Monday, 22 December 2014

Review : Paddington

PADDINGTON A young English boy befriends a talking bear he finds at a London train station. A live-action feature film based on the series of popular children's books by Michael Bond.

I love Paddington. I will put that forward as a bold statement when I talk  about the film, I do love Paddington. I loved the books growing up as a child, and so to bring the books from paper to screen, and to have such a good cast of actors involved in it. The temptation to see this was too great, it was treat. I watched a trailer for it and just thought 'this looks delightful, I really fancy seeing this'. What a joy it was to view it.

For a cinematic experience, Paddington is nothing extraordinary or special, but what it is is a film which unites families as they watch it on the big screen and get caught in the adventure behind it, how a bear who is brought to London to cause accidents becomes involved in a family and a new life. he's sleeping in the attic of the Brown's house. Mr Brown (Hugh Bonneville) who isn't so kean on having a bear in the house is very neglectant to having Paddington around, a bear from darkest Puru who likes to eat Marmalade sandwiches.

Millicent wants to kill and stuff the bear, because a long time a go, her father Montgomery Clyde went to darkest Puru as part of an expeditionary trip for the geographer's guild to look into this group of bears and he didn't bring back a specimen because he thought it would be inhuman to bring back a specimen with him, so his membership gets revoked and he opens up a petting zoo and since then his daughter vows revenge and hence fourth wishes to capture the bear, kill him and stuff him and put him on display at the museum.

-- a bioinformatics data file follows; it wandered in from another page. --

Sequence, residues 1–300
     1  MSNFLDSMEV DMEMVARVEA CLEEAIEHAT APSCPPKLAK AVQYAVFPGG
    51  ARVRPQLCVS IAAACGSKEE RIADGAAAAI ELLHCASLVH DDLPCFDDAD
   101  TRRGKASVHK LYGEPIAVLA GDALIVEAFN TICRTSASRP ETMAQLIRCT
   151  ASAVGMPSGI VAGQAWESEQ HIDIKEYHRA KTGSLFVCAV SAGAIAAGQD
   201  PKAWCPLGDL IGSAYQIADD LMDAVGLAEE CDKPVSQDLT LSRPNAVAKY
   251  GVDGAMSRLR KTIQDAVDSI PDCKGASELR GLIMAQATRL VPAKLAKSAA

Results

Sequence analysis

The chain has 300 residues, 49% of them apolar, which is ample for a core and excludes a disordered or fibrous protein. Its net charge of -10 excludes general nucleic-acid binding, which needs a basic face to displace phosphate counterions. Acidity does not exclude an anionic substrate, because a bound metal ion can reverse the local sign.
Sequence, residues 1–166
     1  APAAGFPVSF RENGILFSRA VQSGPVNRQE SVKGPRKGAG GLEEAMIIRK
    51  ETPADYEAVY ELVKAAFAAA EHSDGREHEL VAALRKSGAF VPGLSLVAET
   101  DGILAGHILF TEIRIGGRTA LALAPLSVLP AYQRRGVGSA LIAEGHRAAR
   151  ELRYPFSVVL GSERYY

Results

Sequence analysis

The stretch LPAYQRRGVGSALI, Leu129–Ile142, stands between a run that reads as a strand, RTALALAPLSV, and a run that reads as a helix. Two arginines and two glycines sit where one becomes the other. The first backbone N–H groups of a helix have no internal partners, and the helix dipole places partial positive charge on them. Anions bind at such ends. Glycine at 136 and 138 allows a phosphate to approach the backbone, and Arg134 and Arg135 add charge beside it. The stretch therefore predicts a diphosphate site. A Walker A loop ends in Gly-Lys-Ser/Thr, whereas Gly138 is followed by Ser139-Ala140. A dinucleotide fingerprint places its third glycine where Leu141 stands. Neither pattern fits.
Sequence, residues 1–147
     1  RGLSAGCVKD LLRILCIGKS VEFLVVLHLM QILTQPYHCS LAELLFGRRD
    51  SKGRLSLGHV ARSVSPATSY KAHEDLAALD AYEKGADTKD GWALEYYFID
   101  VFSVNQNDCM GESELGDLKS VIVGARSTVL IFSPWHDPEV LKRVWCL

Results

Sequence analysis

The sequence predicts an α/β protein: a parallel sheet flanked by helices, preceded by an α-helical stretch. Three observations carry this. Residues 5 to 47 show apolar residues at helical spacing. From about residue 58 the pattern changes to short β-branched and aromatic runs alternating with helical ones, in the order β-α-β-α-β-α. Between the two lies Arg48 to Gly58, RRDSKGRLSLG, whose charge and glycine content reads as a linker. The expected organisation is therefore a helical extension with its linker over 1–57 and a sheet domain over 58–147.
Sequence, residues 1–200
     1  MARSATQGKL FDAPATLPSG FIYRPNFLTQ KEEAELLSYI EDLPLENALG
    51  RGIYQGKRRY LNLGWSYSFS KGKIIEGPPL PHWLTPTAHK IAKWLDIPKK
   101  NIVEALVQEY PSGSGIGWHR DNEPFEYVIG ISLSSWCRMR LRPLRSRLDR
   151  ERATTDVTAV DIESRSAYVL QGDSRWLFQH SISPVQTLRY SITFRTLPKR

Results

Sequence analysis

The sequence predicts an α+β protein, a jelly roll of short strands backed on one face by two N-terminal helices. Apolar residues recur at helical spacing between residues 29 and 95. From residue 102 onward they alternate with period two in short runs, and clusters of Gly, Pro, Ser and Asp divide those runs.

For a family film, its really funny. I always find that good jokes and light humour go a long way when your doing a new film on such a big scale which is meant to appeal to a universal audience. The challenge behind it is wanting to create a story which attracts the attention of the audience and keeping them interested throughout, and light-heartedness and comedy seems to be the best way of going about it I think, it's your safest bet, and Paddington gets unto some extraordinary adventures in London, and causes accidents, cataphoric accidents though quite unintentionally, he is a good bear but can't help but run into trouble.

Ben Wishaw as Paddington is absolutely adorable. Wishaw provides a distinctive quality to our loveable bear, he's polite, he's charming, he's charismatic and above all he is entertaining. As a title character, it makes a lot of sense that Paddington is entertaining, and he is. More so than another character in the film.

Keeping it short, I really like this film. The story wasn't difficult to understand at all, very simplistic plot with some mystery as to why the mysterious explorer could not be found. Only to later realise the reason that happened was due to the explorer being rejected by the comity for putting sensitivity towards the bears ahead of his family. It all runs full circle and makes sense and in time you do love 'Paddington' by the end, and he becomes 'A Brown'. 7/10!

NEXT: Narnia : The Lion, The Witch & The Wardrobe.

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